The recent gang rape in India alarmed all countries in South Asia . A 23-year-old woman was gang-raped by five men on a bus in New Delhi. Some of the offenders had jobs (bus driver and assistant gym instructor) and one was a juvenile. The victim failed to survive the trauma. This incident resulted in a public outcry for justice, and the media still report statements exposing public officials who are insensitive and lack awareness of the social and economic costs of gender-based violence. Do we have to wait for such a violent incident to occur to start acting?
It is our individual and collective responsibility to make sure that we do not witness any such dramatic incident in the future in our country, city, or neighborhood. It is truly up to each one of us to take responsibility, talk openly about it and say NO. Consider:
- In Bangladesh , every week more than 10 women suffer from an acid attack.
- In India , 22 women are killed each day in dowry-related murders.
- In Nepal , 77% of the episodes of violence against women are reported as being from within the family.
- In Pakistan , more than 450 women and girls die every year in so-called “honor killings.”
- In Sri Lanka , 78% of victims of grave sexual abuse (seduction, rape, and incest) were girls, especially those under 16 years old.
There are high costs associated with this situation: the value of goods and services for treatment and prevention, the psychological costs post-trauma, and economic and social multiplier effects such as reduced productivity and intergenerational transmission of violence.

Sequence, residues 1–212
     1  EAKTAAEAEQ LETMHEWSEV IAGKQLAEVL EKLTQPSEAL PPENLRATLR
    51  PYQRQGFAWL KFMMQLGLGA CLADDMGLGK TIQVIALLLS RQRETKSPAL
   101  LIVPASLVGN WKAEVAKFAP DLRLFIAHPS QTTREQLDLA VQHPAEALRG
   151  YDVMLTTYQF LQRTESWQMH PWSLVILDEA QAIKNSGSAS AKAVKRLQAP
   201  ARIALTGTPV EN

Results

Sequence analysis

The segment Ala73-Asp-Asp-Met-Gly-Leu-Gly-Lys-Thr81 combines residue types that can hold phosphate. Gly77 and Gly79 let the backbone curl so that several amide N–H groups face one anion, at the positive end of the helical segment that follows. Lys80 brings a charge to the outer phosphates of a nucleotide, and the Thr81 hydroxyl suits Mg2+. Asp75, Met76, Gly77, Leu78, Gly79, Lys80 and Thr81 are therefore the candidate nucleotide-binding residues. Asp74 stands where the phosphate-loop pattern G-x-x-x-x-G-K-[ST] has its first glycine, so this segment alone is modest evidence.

This issue can no longer be swept under the rug as a domestic issue or personal issue or a United Nations human rights issue. It’s not OK to be silent until it happens to someone you know or someone in your own country. It’s about time we break the silence and culture of denial and blame. The shame falls on all of us, whether a woman, a husband, a policymaker, a youth, or a child.
Let us work together to improve our legal frameworks, public systems (police, shelters, counseling) and continue to fight for fair women’s economic and social participation. Let us include gender sensitization in school curricula and teacher training programs; this is where it starts. Let us make public transport safe and accessible for women and train health care workers on early detection of domestic violence. Let’s talk openly to our children and friends about gender-based violence.
South Asia is home to 26% percent of the world’s youth population, and 20% of South Asia’s population is between the ages of 18-25, according to U.N. population data. So let’s start right now:
How best can the youth of South Asia work together to end gender-based violence?
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